Nom Nom Paleo

Paleo Eats: 2/24/11

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Tonight I started another seven-night stretch of work. Hooray. Yep, my enthusiasm is palpable.

Since I’m never super hungry on my first night back, I didn’t eat until around 3:00 a.m. My “lunch” consisted of leftover mini frittata muffins that I microwaved for 30 seconds to take the chill off of them.

A couple hours later, I snacked on some macadamia nuts and coconut flakes (surprise, surprise).

My last big meal at work was a big helping of leftover crab salad over organic greens, shredded carrots, and roasted red bell peppers.

When I got off work, I went upstairs to check on my mother-in-law. She was already up, washed, and ready to be taken home. As we waited for her final discharge counseling, I polished off a container of Paleo trail mix.

As soon as we got home, I popped my vitamins and went straight to bed. While I slept, my parents went to pick up my winter “mystery” box from Mariquita Farm. For $25, I got a box chock full of yummy winter produce. Sorry I’ve got no picture for you but I was too lazy to take everything out of the fridge. I’m definitely looking forward to when the Two Small Farms’ CSA deliveries resume in March.

At 5:00 p.m., I woke up and started preparing dinner. Luckily, I already had a platter of braised duck legs waiting in the fridge so all I had to do was heat it up…

…and prepare some cauliflower fried rice (which was fried in rendered duck fat)…

…and broil big fat asparagus spears that I drizzled with balsamic vinegar.

Here’s my dinner plate:

After dinner, I fried up some ground beef and diced onions that I seasoned with Chili Con Carne seasoning so I’d have extra protein to pack for work meals. Then, I assembled my nosh for work and took off for the hospital.

Crispy Braised Duck Legs

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Want a great, make-ahead, easy-peasy duck leg recipe where the meat is meltingly tender yet the skin is crispy? Make this recipe and thank me later.

For this dish, I modified Molly Steven’s recipe for Duck Ragu with Pasta in her fantastic cookbook, All About Braising. In her version, she braises the duck in a tomato-wine sauce, shreds the meat, and tosses the meaty sauce with pasta. In my version, I braise the duck, store the dish in the fridge for a couple days, and then roast the whole legs in the oven so the skin crisps up on top. Super easy to prepare ahead AND delicious.

Here’s what I assembled to serve 4:

  • 6 duck legs
  • 1 14.5 ounce can of organic diced tomatoes
  • 1 tablespoon avocado oil
  • 1 medium yellow onion, chopped into 1/2” dice
  • 2 carrots, sliced in 1/2” rounds
  • 1 celery stalk ,cut into 1/2” pieces
  • 4 cloves of garlic, thinly sliced
  • 2 large sprigs of thyme
  • 2 bay leaves
  • 2/3 cup dry vermouth or white wine
  • 3/4 cup chicken broth
  • Kosher salt
  • Freshly ground pepper

Here’s how I made the dish:

I assembled the ingredients…

…took out the duck legs from the fridge…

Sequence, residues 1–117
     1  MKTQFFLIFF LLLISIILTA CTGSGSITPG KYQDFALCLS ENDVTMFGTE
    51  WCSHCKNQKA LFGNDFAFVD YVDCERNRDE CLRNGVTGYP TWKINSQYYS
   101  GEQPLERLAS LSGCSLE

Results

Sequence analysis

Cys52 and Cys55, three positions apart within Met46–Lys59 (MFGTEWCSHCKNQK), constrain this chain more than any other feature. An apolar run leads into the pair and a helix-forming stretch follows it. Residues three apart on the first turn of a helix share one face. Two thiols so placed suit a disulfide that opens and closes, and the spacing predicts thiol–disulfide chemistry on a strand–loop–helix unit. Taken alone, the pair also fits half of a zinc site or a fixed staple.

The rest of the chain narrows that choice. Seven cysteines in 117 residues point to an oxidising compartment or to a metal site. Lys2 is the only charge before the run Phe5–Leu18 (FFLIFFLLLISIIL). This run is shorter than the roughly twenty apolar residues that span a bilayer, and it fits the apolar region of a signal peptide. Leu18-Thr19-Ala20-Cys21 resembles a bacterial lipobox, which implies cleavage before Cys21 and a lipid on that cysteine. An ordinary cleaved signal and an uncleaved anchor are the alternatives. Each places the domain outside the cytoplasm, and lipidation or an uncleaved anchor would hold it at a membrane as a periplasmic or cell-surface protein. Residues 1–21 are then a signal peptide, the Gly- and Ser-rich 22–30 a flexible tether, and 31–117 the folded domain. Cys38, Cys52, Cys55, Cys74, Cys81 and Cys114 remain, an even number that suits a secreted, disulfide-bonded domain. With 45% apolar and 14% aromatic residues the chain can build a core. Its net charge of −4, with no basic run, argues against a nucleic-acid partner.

…and used my kitchen shears to trim the duck of as much fat as possible without cutting into the skin or the meat. I also cut off any loose flaps of skin but made sure the top of the leg was all covered with skin. Next, I seasoned the duck with salt and pepper on both sides.

I preheated the oven to 325 F.

Then, I browned the legs in a single layer in a large dutch oven over medium-high heat. As soon as the pot was hot, I placed the legs skin side down on the ungreased surface and seared for 7 minutes. I flipped them over and fried for 3-4 more minutes or until nicely browned on both sides.  I transferred the legs to another dish and repeated the process until all the legs were finished.

I poured out the drippings into a storage container that I stored in the fridge for other uses. Mmmm… duck fat!

I added 1 tablespoon of avocado oil to the pan and tossed in the onions, carrots, celery, garlic, and thyme sprigs with some salt and pepper. I sauted the vegetables for 7-8 minutes or until they were softened. I turned down the heat to medium so the veggies wouldn’t burn.

I added white wine/vermouth and simmered the sauce for 6 minutes or until the liquid was reduced by half. Then I added the chicken broth and simmered that until it was reduced by half. My last step was to add the can of tomatoes (including the juices) and simmered everything for 2-3 minutes to meld the flavors.

Once the sauce was done, I placed the duck legs on top, skin-side up and tucked in the bay leaves.

I added a piece of parchment paper and pressed it down until it almost touched the duck. I put on the cover and popped the pot in the oven for two hours.

When the legs were finished braising, I transferred the dish to a storage/baking dish and put it in the fridge. I made sure the sauce was on the bottom and the duck legs were on top, skin-side up. You can store the braised duck in the fridge for a couple days.

When I was ready to serve the duck, I preheated my oven to 400 F on convection roast and I stuck the dish on the middle rack and let it bake for 25 minutes.

The skin gets nice and crispy and the meat is really tender and delicious. Yummy!